11-19-2009, 09:59 AM #18
all the drive serves in that video look legal to me. Even the drive serves that the speaker in the video is claims may be called a fault by a service judge is still legal by the new definition in 9.1.6 - that is, the serve at 00:34. If you inspect the serve that speaker claims "may be faulted," the shaft is slightly pointing downwards at the instance of contact. Thus, it is legal as well - even though the shaft is almost horizontal in that video.
01-20-2010, 04:56 AM #19
9.1.5 the whole shuttle shall be below the serverís waist at the instant of being hit by the serverís racket. The waist shall be considered to be an imaginary line round the body, level with the lowest part of the serverís bottom rib;
Is this still intact?
Because watching this clip i'm sure the shuttle is being hit higher than the waist line or bottom rib.
01-20-2010, 10:23 AM #20
[quote=Playful-Wind;1349703]9.1.5 the whole shuttle shall be below the serverís waist at the instant of being hit by the serverís racket. The waist shall be considered to be an imaginary line round the body, level with the lowest part of the serverís bottom rib;
Is this still intact?
It's still the same, it's just that the shoulders are sometimes raised higher creating an illusion of hitting it higher than the bottom rib.
01-20-2010, 11:11 PM #21
I have heard from a young friend competing in a competition in Singapore that the service judges fault players for moving their arms in the course of service. In detail, they(the judges) fault players who move their racquet forearms whilst serving the shuttle, and their(the judges) interpretation of the service rules is that the players who serves should move only the wrist parts of his/her racquet arm. I find no rules describing this interpretation but is this true of service plays during official competitions?
01-21-2010, 05:13 AM #22
The danger could be that when trying to make a serve, more so for a flick serve, the player hits the shuttle higher than allowed in the rules. It could be the hand holding the shuttle moves higher thus resulting in the player striking it at a higher point.
01-21-2010, 11:48 AM #23
Wrist flick and forearm movement/rotation (no elbow movement though) is alright when serving.
01-21-2010, 11:54 AM #24
01-21-2010, 12:11 PM #25
Umpires should not only read them but master them. Players must play to win and not worry about contextual rules!
Last edited by FIVEs; 01-21-2010 at 12:20 PM.
01-21-2010, 09:52 PM #26
Yes, you must read and understand the badminton rules or laws.
Umpires need not be badminton players and certainly need not master the various techniques of playing a stroke.
01-21-2010, 11:42 PM #27
But of course, understood! However, how many pro players give away their shots prior? By way of giving too much (away) untoward movement that leads to their shots being read?
01-23-2010, 08:45 AM #28
hi guys. i need some advice. due to some players "smashing" back a return for backhand low serve, i tried to break my serve into 2 parts - 1) a quick pull back and stop for abt half a second, and 2) serve. is that a service fault?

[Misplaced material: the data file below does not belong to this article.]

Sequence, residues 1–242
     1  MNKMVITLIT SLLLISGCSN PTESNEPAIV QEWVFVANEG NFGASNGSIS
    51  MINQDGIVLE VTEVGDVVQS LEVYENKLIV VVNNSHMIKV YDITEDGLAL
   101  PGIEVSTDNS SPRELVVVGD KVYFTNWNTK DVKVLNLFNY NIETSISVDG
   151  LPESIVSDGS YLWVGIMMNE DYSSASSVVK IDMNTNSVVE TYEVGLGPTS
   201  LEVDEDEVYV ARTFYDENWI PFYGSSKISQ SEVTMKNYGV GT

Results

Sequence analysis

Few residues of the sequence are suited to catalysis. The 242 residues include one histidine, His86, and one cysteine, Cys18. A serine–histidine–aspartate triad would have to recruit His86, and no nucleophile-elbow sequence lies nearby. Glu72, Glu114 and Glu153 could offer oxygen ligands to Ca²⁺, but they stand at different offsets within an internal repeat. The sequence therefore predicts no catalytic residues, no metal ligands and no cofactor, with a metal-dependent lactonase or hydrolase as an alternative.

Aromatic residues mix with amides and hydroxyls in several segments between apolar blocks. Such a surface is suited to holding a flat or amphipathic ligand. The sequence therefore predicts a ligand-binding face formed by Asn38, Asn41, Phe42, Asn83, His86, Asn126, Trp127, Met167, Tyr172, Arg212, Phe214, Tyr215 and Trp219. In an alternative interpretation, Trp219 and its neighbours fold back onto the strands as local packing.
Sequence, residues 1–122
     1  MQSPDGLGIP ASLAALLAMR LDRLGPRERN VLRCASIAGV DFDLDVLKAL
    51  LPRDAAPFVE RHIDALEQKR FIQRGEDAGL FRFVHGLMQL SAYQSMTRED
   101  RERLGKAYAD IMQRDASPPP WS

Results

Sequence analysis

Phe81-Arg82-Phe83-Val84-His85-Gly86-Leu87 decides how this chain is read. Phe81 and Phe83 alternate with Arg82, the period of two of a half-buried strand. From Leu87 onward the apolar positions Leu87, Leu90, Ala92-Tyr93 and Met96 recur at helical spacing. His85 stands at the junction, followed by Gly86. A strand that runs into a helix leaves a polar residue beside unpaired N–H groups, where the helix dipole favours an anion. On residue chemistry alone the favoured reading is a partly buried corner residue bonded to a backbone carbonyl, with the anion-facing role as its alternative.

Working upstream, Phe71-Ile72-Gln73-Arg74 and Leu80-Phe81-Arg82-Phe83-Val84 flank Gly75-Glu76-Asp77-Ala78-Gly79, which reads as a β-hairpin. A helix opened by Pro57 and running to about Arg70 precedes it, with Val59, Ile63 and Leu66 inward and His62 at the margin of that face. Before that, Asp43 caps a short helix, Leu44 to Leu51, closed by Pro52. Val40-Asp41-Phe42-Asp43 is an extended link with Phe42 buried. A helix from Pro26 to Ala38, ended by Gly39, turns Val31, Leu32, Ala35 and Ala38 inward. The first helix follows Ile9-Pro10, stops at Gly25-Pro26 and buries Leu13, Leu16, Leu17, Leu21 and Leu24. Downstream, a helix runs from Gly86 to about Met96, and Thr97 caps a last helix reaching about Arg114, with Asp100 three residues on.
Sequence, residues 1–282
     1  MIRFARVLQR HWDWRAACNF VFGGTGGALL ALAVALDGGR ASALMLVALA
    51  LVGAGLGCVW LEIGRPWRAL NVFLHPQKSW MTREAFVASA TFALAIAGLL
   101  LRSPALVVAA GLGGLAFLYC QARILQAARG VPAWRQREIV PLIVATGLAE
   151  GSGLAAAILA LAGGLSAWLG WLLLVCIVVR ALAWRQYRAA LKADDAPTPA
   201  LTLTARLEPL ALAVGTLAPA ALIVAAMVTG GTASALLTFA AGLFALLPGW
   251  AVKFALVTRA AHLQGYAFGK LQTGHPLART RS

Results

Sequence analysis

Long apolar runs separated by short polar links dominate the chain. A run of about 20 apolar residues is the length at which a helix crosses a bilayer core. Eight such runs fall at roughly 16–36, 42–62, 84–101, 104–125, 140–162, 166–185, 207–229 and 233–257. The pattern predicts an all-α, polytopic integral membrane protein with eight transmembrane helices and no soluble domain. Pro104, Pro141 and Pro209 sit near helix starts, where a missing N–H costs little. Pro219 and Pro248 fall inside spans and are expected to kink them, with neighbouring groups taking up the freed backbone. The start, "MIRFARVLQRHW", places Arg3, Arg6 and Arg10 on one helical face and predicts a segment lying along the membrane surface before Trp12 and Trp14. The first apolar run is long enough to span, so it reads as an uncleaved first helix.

01-24-2010, 12:08 PM #29
Can anyone shed some light on these question for me please?
1. As the player serves he/she drops the shuttle making sure it meets the waist line/below ribs during the drop and then striking the shuttle.
Is this correct or is it, that the racket has to be struck with the shuttle firmly grasped.
2. While serving, the other player on the serves team must be behind the server and in the centre or is it he can be anywhere as he/she is not serving?
( if possible does anyone know where in the badminton laws it states the players role during serves can't find anything )
Many thanks in advance.
01-24-2010, 01:05 PM #30
01-25-2010, 12:07 AM #31
01-25-2010, 12:15 AM #32
I think there is a lot of confusion because the rules do not go into a lot of detail... so keep this in mind. IF it is not considered a fault then it's legal. Don't need to ask anymore questions unless you don't actually understand what's written.
So the shuttle must be struck under the waist (lowest rib). It does not matter if you're holding it or have thrown it 5 feet up in the air first as long as you strike it under the waist.
As for the servers partner, he/she can be anywhere on the court. with the following kept in mind.
9.5 In doubles, during the delivery of service (Law 9.2, 9.3), the partners may take up any positions within their respective courts, which do not unsight the opposing server or receiver.
As for the pause between backward and foreward movement..
9.1 In a correct service:
9.1.1 neither side shall cause undue delay to the delivery of the service once the server and the receiver are ready for the service. On completion of the backward movement of server's racket head, any delay in the start of the service (Law 9.2), shall be considered to be an undue delay;
Last edited by druss; 01-25-2010 at 12:20 AM.
01-25-2010, 01:11 AM #33
01-25-2010, 11:48 AM #34
Excellent reply and prefect proof for those
who will raise question to me Lol .
However i'm not a big fan of the drop the shuttle in midair and then
waiting it to come between waistline/below ribs as they come a bit more faster to me .. like a tennis serve
But theres always a way to stop something
Very grateful for your reply and others.
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